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    Re: Time from 2102-D starfinder
    From: Greg Travillian
    Date: 2002 Feb 11, 23:28 -0500

    At 10:52 AM 02/11/2002 -0500, you wrote:
    >In David Burch Starfinder book, there is an illustration showing time
    recorded on the starfinder wheel.  The caption says something like "Once
    you determine a specified time...."
    >I can't find any reference to how you go about determining a specified time.
    >Does anyone have a clue for me?
    Here is something I found in an online artillery training manual:
    This is a simple method of computing the LST for orienting the star finder
    and identifier. The results are accurate to within 1� and can be used for
    any time or location. The final result is the LST for 1900 on the date of
    observation. Use the time-arc relationship to adjust for different
    observation times. One hour is equal to 15� of shift on the star finder and
    identifier, and 4 minutes is equal to 1� of shift. To compute the LST by
    using the Haught method, follow the procedures discussed below.
    a. Count the number of months this year preceding the observation month.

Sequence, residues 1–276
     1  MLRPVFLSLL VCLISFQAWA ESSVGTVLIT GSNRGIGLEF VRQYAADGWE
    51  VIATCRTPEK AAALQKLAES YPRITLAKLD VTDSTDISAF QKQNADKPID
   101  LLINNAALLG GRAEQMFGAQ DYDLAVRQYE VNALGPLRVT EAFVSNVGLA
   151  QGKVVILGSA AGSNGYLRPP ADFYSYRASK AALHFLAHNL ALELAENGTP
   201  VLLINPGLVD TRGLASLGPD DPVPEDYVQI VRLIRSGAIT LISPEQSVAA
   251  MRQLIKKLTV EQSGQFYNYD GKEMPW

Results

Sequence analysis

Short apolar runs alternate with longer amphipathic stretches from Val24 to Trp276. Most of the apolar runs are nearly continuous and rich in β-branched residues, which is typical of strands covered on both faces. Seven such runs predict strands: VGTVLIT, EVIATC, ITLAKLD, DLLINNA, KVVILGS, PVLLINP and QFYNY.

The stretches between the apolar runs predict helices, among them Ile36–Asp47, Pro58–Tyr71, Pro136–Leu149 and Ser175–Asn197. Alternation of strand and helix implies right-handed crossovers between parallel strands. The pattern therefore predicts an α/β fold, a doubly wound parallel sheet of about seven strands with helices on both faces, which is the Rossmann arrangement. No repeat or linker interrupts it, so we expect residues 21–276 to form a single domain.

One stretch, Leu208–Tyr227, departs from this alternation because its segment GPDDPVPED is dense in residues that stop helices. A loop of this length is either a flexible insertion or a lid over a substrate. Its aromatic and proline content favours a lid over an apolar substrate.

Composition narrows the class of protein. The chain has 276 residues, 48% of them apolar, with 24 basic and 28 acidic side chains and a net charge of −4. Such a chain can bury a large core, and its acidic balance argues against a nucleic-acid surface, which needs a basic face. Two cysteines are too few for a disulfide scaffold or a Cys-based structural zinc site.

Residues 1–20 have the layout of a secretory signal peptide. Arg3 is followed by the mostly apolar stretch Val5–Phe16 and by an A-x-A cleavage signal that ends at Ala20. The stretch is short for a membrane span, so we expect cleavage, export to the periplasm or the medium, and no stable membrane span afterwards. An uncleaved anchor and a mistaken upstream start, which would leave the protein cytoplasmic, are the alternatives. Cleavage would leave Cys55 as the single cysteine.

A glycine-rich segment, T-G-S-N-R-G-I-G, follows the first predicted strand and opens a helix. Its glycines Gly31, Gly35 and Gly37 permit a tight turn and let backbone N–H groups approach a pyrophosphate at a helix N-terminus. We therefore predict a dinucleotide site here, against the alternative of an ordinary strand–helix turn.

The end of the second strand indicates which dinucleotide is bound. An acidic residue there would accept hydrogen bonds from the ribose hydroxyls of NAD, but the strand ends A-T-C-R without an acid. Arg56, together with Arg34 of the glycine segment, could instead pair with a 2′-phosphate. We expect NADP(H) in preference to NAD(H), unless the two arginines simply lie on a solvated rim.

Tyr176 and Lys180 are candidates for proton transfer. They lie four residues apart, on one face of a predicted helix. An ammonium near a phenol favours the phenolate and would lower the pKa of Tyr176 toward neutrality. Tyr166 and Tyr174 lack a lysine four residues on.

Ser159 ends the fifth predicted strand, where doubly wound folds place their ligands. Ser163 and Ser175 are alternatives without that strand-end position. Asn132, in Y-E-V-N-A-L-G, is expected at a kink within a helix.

Multiply that number by 30.
    b. Add the observation date.
    c. Add a constant of 24.
    d. Determine the difference between the observer's longitude and the
    longitude of the central meridian of the observer's time zone. Add the
    difference if the observer is east; subtract if west.
    e. If using daylight saving time (DST), subtract 15. DST in the US is from
    the first Sunday in April to the last Sunday in October. The result is the
    LST (orienting angle) to set on the star identifier for 1900.
    f. Determine the difference between 1900 and the time of observation. (Each
    hour is equal to 15�, and each 4 minutes is equal to 10.) Add if the
    observation time is after 1900, and subtract if the observation time is
    before 1900."
                    Greg Travillian

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